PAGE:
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Local Charity Teams With Golden Gloves

Oyster Bay-based charity Moms Who Kick, Inc., will get a donation from the upcoming Golden Gloves fight in Glen Cove, to help with their efforts in the fight against cancer.

Started by Joanne Hutchins of Bayville, Moms Who Kick Inc. is a volunteer-driven 501(c)(3) non-profit organization dedicated to raising funds and awareness for breast and ovarian cancer research and prevention. Hutchins and other women from Moms Who Kick will be present at the March 27 event at the Glen Cove High School, and hosted by the Glen Cove Boxing Club, and will take to the ring as Ring Card Girls while raising awareness for women’s cancers and promoting the importance of living a healthy lifestyle.  

“I am promoting physical fitness and proper nutrition to lead a healthy lifestyle,” says Hutchins, who fought in the Long Island Fight For Charity last year, which brought to her to the Glen Cove Boxing Club to train.

At the club, she met her coach Billy Strigaro, also of Bayville, who she still trains with. Strigaro, a former Marine Champ and professional boxer, has been a trainer at the club since the 1970s, spending hours of his free time helping others get in shape and helping them follow their dreams.

“I’ve been here a year and a half, and I’m sticking around,” says Hutchins, 49, who regulary trains at the club and hopes to one day get her coaching license. “We’ve formed a partnership...this is my home.  I’m also thankful to the boxing club because they will make a donation to the charity.”

 Glen Cove High School graduate Emily Colon, who holds the titles of 2013 Long Island Champ and 2013 East Coast Metro Champ, and Wendy Sincuir, LI Fight For Charity contender and winner, have both represented the club in their quest for the Golden Glove trophy.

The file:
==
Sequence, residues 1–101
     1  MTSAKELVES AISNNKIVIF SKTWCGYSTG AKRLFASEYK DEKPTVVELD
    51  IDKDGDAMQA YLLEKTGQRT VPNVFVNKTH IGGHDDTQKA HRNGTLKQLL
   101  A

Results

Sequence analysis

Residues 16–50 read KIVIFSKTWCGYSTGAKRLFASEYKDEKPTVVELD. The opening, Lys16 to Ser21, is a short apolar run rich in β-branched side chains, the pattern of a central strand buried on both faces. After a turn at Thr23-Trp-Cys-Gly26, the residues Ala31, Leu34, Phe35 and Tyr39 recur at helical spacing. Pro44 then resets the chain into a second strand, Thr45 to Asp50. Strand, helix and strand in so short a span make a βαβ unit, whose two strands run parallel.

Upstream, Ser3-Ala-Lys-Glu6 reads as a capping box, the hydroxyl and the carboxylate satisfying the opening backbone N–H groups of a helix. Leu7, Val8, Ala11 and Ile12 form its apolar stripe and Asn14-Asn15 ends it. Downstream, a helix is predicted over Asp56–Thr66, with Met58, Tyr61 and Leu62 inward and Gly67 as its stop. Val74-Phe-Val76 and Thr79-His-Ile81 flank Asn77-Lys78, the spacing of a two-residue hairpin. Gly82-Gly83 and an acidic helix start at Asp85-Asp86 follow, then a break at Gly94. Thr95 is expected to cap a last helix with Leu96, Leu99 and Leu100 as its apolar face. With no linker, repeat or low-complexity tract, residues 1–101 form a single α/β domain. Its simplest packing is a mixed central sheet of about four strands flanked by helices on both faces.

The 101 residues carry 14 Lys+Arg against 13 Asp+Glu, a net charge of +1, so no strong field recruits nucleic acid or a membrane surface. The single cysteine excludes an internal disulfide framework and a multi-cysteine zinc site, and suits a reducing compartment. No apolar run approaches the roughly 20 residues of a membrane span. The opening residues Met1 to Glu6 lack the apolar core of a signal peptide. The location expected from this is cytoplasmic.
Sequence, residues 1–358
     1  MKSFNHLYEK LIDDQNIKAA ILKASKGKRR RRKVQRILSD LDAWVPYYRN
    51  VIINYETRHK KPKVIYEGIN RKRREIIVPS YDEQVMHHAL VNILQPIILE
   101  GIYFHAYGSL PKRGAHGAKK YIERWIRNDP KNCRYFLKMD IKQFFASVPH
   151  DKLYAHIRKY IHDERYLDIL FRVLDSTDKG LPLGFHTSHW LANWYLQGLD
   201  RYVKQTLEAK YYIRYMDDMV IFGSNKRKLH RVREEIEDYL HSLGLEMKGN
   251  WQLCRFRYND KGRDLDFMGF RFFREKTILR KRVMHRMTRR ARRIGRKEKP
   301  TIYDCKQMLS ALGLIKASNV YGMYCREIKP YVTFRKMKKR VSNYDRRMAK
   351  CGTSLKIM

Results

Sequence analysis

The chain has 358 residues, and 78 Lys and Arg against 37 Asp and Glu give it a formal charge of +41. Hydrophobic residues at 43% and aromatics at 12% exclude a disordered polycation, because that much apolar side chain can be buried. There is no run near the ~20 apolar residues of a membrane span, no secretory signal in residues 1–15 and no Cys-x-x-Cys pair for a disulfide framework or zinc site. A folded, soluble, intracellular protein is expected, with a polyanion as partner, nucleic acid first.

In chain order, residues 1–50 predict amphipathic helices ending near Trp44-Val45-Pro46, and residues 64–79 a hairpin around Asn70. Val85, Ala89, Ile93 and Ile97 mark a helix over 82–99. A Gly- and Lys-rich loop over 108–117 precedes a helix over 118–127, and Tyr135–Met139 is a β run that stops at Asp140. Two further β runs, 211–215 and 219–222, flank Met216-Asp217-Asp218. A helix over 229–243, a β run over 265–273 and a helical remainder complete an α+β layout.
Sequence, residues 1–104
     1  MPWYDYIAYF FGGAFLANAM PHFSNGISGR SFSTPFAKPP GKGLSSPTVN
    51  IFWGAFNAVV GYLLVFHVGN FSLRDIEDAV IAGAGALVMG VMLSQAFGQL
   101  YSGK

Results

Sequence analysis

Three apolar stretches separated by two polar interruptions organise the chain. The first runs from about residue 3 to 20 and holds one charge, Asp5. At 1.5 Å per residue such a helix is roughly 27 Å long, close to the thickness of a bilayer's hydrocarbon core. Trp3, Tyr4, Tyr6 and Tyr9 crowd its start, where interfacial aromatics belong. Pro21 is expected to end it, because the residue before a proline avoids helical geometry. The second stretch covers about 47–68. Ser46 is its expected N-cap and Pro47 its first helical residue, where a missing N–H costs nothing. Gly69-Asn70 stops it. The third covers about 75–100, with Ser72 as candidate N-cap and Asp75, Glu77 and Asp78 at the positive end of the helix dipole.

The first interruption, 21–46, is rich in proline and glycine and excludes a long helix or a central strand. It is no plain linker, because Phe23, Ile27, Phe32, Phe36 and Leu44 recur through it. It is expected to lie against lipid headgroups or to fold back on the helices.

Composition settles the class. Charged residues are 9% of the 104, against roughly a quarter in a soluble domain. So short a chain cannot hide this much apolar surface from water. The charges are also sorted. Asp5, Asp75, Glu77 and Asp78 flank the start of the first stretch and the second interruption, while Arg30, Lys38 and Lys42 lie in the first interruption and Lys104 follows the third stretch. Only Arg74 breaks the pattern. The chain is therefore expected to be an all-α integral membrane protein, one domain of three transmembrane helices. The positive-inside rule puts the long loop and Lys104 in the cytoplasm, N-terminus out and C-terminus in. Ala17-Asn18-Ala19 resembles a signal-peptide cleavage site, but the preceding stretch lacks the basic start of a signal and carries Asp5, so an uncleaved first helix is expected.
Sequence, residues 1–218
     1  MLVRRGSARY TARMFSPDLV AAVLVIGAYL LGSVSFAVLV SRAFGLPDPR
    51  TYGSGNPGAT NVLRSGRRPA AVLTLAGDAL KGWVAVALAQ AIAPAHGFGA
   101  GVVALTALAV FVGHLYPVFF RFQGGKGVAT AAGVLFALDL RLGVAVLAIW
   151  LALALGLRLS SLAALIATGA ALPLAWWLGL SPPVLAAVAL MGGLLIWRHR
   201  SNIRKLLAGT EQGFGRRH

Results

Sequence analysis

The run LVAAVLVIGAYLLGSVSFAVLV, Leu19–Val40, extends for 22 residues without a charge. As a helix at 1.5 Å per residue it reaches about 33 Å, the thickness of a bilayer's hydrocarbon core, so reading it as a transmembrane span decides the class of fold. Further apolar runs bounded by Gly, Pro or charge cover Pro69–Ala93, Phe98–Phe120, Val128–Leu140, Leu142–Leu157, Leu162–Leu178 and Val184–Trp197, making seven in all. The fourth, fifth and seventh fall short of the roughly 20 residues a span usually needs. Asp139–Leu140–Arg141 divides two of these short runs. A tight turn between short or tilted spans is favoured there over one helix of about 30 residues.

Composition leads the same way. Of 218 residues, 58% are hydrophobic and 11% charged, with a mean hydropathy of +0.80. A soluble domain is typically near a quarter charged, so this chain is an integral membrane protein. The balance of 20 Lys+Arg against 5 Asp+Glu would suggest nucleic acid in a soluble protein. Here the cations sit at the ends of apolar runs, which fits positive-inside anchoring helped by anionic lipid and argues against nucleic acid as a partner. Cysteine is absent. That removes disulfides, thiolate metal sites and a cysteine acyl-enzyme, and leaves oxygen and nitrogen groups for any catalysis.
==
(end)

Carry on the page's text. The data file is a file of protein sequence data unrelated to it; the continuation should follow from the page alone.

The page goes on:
Colon, who lost her fight last week to Christina Cruz, has been a part of the boxing club on and off since she was about 12 years old. She began to get really serious about it at age 21, and has high goals for herself, with the ultimate goal of making it to the Olympics.

“I’m going to keep doing it, so far I am reaching every goal I’m trying to reach,” she says. “I’ve got a long road ahead of me but...I’m ready for anything.”

Established in 2005, GCBC is a non-profit dedicated to serving and training the Glen Cove Community free of charge. The gym is staffed by experienced coaches who are registered and certified with USA Boxing, as well as official volunteer coaches for the LI Fight for Charity. Residents from all across Long Island are welcome to train for a nominal fee.  GCBC is located on the Carney St. extension adjacent to Glen Cove Child Day Care, off Rt. 107 South.

Visit www.MomsWhoKick.com for more information.

News

There is a new psychic medium on the North Shore of Long Island to compete with the original “Long Island Medium,” Theresa Caputo. Her name is Mary Drew and she has been working for more than a decade doing private readings. Recently, Drew has expanded her horizons and has been conducting readings at restaurants, public events and fundraisers.